Memorial Day

For some reason, perhaps age, I have of late found myself stopping to think about Memorial Day, or Decoration Day.  What it is now and what it used to be when I was growing up.

Memorial Day, was first celebrated inAmericato honor the soldiers who died in our Civil War, and later after World War I to commemorate all Americans who die in war.

In my youth, it was a time when we, the family—the whole family, not just my Mom and Dad, I mean the whole damned bunch, aunts, uncles, cousins, grandparents, the works, got together Memorial Day morning and went out to decorated the graves of those that had passed on. We took spring flowers and evergreen boughs, not to one but several different cemeteries in and around my hometown,Lewiston,Idaho, and in ‘group’ visited and decorated each grave of our deceased ancestry.  It was truly a time of remembering for some, and a time of revelation and getting acquainted for the youngsters, as the elders shared their remembrance of Grandma Dyer or Uncle Arthur, Cousin Abner or Aunt Bernice. These introductions seemed to familiarize we children with relatives passed on years before our birth. I loved those stories that had been handed down and I’m sure embellished to project a larger than life image of a bygone relative. It some how bound us all together, grounded us.  Even though we had different names, lived in different eras, were of mixed blood, we were ‘Family’ we were part of something and those long gone folks were a part of us, living if only in memory, through us. And that fact was strengthened later that day when we all gathered at the park for the family picnic.

Everyone brought something, salads, pies, fried chicken and cake. We played softball and there was pop for the kids and beer for the adults. And later, when the sun was setting, a band played in the park and there were fireworks. And when it was all over, when we all headed our different ways, one thing carried over—the knowledge of who we were, that you weren’t alone, you were part of a family.

Now, Memorial Day seems to be more about the start of summer or a long weekend.  So many of us have moved away from our hometowns, or our hometowns have shrunk or just disappeared. We don’t go to the cemetery to visit family graves, they are to far away or we’re to busy to make the trip. I have relatives strung all over the place, living and dead, folks I’m lucky to see once every couple of years—some I’ve never met, and maybe never will. I have grandchildren who will someday have grandchildren that won’t know about Grandma Dyer or Uncle Arthur and never will… and I feel bad about that. Family is important and it seems to me, our life style is pulling the family further and further apart.  It’s not so bad for folks like me, who lived in a time when family was more important. It’s the kids I worry about, the ones that need to know they are part of something, something important, a family they belong to, that belongs to them… I’m afraid they never will.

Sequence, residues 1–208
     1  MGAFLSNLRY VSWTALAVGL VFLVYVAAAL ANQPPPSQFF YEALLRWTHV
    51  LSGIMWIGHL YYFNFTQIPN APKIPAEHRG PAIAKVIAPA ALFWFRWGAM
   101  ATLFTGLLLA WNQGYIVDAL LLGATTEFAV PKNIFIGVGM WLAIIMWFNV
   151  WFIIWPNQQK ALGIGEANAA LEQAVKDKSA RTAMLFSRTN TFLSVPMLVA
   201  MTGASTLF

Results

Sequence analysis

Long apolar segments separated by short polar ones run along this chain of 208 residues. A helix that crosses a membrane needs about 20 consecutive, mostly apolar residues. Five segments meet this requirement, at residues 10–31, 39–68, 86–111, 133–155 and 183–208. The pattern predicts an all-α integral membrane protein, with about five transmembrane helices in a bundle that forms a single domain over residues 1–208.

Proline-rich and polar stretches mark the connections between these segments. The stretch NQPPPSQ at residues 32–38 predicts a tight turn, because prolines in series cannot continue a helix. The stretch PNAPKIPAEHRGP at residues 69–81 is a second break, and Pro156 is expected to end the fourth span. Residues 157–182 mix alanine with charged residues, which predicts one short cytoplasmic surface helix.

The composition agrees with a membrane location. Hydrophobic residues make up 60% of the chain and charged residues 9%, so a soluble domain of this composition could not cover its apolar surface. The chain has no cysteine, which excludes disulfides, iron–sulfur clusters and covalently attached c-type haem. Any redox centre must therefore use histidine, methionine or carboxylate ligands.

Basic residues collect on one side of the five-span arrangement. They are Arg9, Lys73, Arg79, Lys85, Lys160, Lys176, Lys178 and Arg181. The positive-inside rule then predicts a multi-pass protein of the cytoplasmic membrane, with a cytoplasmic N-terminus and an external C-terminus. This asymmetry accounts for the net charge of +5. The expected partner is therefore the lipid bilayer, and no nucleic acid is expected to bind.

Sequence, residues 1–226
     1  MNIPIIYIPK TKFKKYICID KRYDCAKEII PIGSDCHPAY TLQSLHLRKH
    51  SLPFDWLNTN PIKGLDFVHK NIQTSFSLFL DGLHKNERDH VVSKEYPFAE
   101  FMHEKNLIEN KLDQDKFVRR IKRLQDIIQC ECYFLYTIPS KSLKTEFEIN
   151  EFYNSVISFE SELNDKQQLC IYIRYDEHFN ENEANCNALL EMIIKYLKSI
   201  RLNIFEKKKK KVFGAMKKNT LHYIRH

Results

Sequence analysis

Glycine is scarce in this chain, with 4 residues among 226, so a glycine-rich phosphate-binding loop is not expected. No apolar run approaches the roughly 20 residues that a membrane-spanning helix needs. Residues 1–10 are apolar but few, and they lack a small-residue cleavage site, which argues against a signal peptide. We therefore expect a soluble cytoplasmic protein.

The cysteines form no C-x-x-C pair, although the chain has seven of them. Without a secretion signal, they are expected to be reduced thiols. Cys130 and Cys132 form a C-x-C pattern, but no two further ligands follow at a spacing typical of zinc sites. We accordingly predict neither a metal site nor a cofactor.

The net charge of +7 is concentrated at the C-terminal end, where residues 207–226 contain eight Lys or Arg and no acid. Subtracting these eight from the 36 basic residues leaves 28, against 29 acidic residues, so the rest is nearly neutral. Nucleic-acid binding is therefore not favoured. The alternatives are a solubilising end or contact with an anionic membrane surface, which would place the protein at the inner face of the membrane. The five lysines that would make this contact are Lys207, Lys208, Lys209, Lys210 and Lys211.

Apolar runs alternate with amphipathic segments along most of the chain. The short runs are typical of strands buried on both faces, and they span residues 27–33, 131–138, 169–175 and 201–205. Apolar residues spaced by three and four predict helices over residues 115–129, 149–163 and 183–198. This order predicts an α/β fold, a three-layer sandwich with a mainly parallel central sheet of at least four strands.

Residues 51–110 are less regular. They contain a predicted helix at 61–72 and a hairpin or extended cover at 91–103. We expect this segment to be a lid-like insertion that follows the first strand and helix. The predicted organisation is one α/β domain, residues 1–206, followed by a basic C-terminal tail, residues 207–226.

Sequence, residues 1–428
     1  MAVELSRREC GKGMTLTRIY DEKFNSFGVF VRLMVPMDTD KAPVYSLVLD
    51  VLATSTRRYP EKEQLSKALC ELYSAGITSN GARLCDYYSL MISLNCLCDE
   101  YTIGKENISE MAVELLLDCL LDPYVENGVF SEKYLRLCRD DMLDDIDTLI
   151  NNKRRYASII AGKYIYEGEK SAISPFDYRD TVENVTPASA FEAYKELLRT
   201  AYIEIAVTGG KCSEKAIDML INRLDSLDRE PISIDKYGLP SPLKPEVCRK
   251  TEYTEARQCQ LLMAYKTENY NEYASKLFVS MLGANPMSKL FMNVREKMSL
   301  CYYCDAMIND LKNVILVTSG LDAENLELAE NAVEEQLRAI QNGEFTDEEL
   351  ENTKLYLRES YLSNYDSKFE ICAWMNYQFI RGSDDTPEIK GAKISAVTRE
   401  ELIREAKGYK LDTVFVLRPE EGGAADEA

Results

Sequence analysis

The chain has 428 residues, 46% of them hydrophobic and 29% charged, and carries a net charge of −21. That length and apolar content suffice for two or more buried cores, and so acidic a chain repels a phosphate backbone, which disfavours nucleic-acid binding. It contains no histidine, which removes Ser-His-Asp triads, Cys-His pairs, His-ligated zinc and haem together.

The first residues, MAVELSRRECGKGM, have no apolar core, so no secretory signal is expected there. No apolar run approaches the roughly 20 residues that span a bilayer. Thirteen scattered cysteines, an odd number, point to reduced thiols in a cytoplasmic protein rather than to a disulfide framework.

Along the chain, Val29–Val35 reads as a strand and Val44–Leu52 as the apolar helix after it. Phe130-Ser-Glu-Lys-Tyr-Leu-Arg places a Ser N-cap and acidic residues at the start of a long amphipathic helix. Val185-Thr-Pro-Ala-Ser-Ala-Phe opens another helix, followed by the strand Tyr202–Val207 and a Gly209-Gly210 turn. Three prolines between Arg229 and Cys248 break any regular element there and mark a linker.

Wally Lane

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4 responses to “Memorial Day

  1. Why don’t you write some of your stories down? 🙂 That’s what my grandmother did before she passed on so that us kids (and our kids and so on) would have that connection to the past? I’m grateful for it, especially now that I’m trying to join with the Daughters of the American Revolution and am more interested in my family history.

    K

  2. Jar O' Marbles

    I agree with Katy. Stories like that should be written down for future generations. It’s such a powerful connection to family history.

  3. Raymond Bolton

    Perhaps, as the fabric that once held us together pulls apart and frays, that is what we writers should be doing.

    At one point when I was growing up, someone discovered a family diary written in German by a great great grandmother. Once translated, it told the story of one arm of the family whose wealth evaporated when Napoleon was defeated at Waterloo and the Napoleonic franc, the currency they held, became instantly worthless. The tale of their subsequent journey to America and the reasons behind it and all of the decisions that lead some to one state to become furniture manufacturers, or to another to become farmers, gave me greater understanding how I came to be and from whence I came.

    That grounded me and added to my identity, making me more than the boy who grew up in a Southern California blue collar neighborhood. It was an invaluable gift I carry with me still.

  4. Almost all of my relatives and friends end up populating the stories I write. Many of the events that happen in my stories are based on things I’ve witnessed family and friends doing or based on stories told to me by friends and family. But the one thing I haven’t done and maybe should do is chronicle the family history, or at least that part I remember. Thanks, that is something I will think about, a project of the heart.

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